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Locke Lord QuickStudy: What’s in Store for Future CCPA Settlements After the Hanna Andersson Class Action

Locke Lord LLP
December 1, 2020

The first class action alleging a violation under the California Consumer Privacy Act ("CCPA"), which was filed against ‎Hanna Andersson, LLC has now been resolved for $400,000 subject to court approval. The settlement amounts to ‎‎$2 per settlement class member and anticipates a payout of $38 per average valid claim. While the claims are ‎premised on a cyber incident that occurred prior to the enactment of the CCPA, how the court handles the monetary ‎component of the settlement may help provide some guidance for future CCPA litigants.‎

Factual and Procedural Background ‎

Hanna, a high-end children's clothing retailer, notified customers and state Attorneys General on or ‎about January 15, 2020 that it had experienced a breach whereby hackers accessed customers' ‎personal identifying information ("PII") through its third-party e-commerce platform. The notice ‎advised that a cyberattack allegedly occurred between September 16 and November 11, 2019 and ‎affected thousands of Hanna customers. Specifically, Plaintiffs allege that hackers obtained all the PII ‎needed in order to make fraudulent purchases (e.g. names, billing and shipping addresses, payment ‎card type and numbers, security (CW) codes, and expiration dates) and that law enforcement officials ‎found stolen information for sale on the dark web.‎

Shortly after Hanna notified affected individuals, plaintiff Bernadette Barnes filed a class action ‎against Hanna in the United States District Court for the Northern District of California. See Barnes ‎v. Hanna Andersson, LLC, et al., Case No. 3:20-cv-00812-EMC. A complaint filed by Krista Gill and ‎Doug Sumerfield (collectively with Bernadette Barnes, "Plaintiffs") on March 30, 2020 was combined ‎with the Barnes action and led to the Consolidated Amended Class Action Complaint (the ‎‎"Complaint") filed on June 3, 2020. ‎

The Complaint asserted five causes of action: (1) negligence, (2) declaratory relief, (3) violation of the California Unfair ‎Competition Law, Cal. Bus. & Prof. Code § 17200, et seq., (4) violation of the CCPA, Cal. Civ. Code § 1798.100, et ‎seq., and (5) violation of the Virginia Personal Information Breach Notification Act, Va. Code Ann. § 18.2-186.6, et ‎seq. Plaintiffs sought equitable and monetary relief on behalf of all persons whose PII were compromised as a result ‎of Hanna's purported failure to adequately protect PII, warn users of inadequate security practices, and monitor ‎Hanna's website and ecommerce platform for security vulnerabilities and incidents.‎

Settlement Terms

The parties reached a settlement in principle on June 19, 2020 and, after months of negotiations ‎regarding the specific terms, Plaintiffs filed an Unopposed Motion for Preliminary Approval of ‎Class Action Settlement (the “Motion”) on November 19, 2020. The settlement provided the ‎following relevant provisions:‎

  • The proposed nationwide settlement class will contain any individual who made ‎purchases from the Hanna website between September 16 and November 11, 2019, which ‎is approximately 200,273 individuals.‎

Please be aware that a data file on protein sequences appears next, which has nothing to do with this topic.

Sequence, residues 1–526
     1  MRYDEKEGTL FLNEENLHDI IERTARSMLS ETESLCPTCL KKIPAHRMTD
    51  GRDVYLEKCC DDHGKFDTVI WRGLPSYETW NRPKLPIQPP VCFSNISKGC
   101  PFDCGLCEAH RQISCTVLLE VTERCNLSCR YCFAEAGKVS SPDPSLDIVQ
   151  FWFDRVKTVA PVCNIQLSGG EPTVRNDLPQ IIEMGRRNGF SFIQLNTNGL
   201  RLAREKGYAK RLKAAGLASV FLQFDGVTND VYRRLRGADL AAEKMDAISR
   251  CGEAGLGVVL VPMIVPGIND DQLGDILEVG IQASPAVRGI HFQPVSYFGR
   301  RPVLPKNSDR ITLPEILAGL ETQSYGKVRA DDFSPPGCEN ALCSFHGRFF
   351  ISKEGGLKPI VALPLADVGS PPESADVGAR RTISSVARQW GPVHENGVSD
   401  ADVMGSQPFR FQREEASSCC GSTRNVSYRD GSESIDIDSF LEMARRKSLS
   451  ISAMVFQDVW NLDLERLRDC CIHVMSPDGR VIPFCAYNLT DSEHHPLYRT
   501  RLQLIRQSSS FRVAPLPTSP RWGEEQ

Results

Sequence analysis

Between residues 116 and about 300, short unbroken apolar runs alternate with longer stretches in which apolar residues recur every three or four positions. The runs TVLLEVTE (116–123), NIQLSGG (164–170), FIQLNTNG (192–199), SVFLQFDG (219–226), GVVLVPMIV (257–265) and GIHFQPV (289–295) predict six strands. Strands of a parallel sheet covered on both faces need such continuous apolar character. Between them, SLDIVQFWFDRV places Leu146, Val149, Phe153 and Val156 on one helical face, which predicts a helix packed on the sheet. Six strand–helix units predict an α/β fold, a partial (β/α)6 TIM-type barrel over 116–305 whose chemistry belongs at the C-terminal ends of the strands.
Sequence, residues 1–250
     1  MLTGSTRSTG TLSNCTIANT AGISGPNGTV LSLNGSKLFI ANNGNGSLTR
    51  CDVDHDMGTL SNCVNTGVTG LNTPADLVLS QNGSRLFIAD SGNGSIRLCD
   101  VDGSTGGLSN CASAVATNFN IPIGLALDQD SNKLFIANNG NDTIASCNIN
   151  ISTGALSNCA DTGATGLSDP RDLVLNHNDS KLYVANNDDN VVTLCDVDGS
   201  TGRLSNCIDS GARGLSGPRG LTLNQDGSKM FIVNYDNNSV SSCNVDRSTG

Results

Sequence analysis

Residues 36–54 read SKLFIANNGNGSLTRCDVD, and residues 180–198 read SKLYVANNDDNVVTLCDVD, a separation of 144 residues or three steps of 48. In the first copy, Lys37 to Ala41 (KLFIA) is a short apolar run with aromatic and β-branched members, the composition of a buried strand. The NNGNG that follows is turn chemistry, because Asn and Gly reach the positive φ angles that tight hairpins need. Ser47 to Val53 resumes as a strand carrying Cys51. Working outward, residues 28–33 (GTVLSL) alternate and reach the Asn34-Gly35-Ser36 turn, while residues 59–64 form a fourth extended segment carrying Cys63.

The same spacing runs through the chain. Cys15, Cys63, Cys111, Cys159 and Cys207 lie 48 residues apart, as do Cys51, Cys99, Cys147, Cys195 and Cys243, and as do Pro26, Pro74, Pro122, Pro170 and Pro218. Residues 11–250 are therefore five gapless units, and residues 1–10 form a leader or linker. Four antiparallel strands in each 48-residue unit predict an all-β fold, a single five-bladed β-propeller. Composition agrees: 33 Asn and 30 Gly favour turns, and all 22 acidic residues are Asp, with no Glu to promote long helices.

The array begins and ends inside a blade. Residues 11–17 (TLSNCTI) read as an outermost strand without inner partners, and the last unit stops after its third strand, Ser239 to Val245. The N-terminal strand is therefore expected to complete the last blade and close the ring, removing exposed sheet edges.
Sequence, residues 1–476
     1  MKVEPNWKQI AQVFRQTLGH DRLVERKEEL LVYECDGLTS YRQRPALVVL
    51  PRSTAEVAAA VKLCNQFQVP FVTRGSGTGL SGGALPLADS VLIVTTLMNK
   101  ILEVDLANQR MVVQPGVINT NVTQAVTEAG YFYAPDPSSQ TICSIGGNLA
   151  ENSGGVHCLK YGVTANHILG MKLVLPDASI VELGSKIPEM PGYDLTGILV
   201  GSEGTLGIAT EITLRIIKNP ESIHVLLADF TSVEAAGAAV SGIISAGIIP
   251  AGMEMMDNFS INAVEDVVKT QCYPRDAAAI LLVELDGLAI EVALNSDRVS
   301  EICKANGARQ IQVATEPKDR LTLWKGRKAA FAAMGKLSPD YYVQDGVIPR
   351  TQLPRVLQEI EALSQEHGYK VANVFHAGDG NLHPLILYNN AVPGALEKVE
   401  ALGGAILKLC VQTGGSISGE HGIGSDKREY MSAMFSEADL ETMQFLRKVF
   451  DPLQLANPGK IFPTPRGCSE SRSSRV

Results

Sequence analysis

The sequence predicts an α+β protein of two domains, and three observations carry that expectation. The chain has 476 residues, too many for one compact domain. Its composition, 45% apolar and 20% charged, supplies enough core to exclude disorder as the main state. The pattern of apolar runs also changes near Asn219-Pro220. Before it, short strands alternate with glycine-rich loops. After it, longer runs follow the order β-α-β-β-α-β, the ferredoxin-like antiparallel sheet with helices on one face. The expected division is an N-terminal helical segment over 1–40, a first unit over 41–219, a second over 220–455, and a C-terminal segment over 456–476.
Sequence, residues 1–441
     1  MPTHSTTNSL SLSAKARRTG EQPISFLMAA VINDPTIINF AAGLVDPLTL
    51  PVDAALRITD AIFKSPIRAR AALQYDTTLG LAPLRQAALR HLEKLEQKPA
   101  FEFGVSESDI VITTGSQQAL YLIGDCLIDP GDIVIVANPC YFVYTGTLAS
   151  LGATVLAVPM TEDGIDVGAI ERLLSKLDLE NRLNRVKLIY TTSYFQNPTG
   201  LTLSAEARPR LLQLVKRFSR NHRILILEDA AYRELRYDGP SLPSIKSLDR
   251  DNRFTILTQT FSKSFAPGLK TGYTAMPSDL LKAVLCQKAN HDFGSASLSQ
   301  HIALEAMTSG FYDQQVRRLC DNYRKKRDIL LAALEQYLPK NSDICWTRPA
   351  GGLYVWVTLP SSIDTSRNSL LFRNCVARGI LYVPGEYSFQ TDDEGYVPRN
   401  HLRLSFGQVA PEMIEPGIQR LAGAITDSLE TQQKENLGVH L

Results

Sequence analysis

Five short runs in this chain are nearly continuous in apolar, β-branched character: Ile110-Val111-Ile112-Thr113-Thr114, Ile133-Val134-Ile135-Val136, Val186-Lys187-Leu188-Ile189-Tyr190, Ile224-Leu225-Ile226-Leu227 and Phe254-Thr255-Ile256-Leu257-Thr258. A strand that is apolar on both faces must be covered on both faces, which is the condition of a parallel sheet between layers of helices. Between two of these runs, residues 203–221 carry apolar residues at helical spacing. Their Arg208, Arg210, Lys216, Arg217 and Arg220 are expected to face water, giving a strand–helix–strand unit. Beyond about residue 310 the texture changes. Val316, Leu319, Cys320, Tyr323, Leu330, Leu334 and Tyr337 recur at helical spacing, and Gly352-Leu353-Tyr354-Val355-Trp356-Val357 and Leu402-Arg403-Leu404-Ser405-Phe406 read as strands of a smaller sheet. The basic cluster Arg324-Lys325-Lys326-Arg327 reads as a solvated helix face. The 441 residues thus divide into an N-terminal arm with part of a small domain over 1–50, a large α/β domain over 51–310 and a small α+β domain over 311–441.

• Hanna will create a settlement fund in the amount of $400,000, which will be the ‎exclusive source of payment to settlement class members, costs of claims administration, ‎payments to any claims referee, attorney fees and expenses, and class representative ‎service awards.‎
  • Hanna will make business practice changes, including but not limited to conducting risk ‎assessments consistent with the NIST Risk Management Framework; enabling multi-‎factor authentication for all cloud services accounts; hiring additional technical personnel, ‎conducting phishing and penetration testing; deploying additional intrusion detection and ‎prevention, malware and anti-virus, and monitoring applications within the Hanna ‎environment; and hiring a Director of Cyber Security.‎


Noteworthy Takeaways From The Settlement

Plaintiffs contend that the monetary terms of the settlement are “extraordinary.”  See Motion, p. ‎‎17. However, the proposed $400,000 settlement fund will only result in an average award of $38 ‎to settlement class members who file valid claims. While Plaintiffs note that a settlement class ‎member may receive up to $500 for a basic settlement award or up to $5,000 in extraordinary ‎cases, it appears that most settlement class members will receive markedly less than the $100 to ‎‎$750 prescribed by the CCPA. Id., p. 19.  ‎

There are at least two reasons why the Hanna settlement may be significantly lower than those ‎predicted in other CCPA class actions. First, the subject data breach arose before the CCPA ‎became effective. Thus, it is questionable whether the CCPA damages calculation is even ‎applicable. Plaintiffs do not address this issue in the Motion, though, and instead simply argue ‎that they have a strong claim. Second, the COVID-19 pandemic has adversely affected a ‎number of business, including retailers like Hanna. Id., p. 16. As a result, and as there is no ‎insurance coverage for any of the claims in the Complaint, Plaintiffs claim that there is a ‎legitimate risk that the defendants would be judgment-proof. Id.  ‎

The settlement also provides for substantive business practice changes on the part of Hanna, ‎which will benefit all settlement class members, regardless of whether they submit a claim, or not.  ‎These additional security precautions will undoubtedly result in additional costs to Hanna going forward.

The court will conduct a hearing on the Motion on December 23, 2020. We will continue to ‎monitor this settlement, as well as all other privacy and cyber class actions brought under the ‎CCPA, and will provide future client updates regarding these topics.‎

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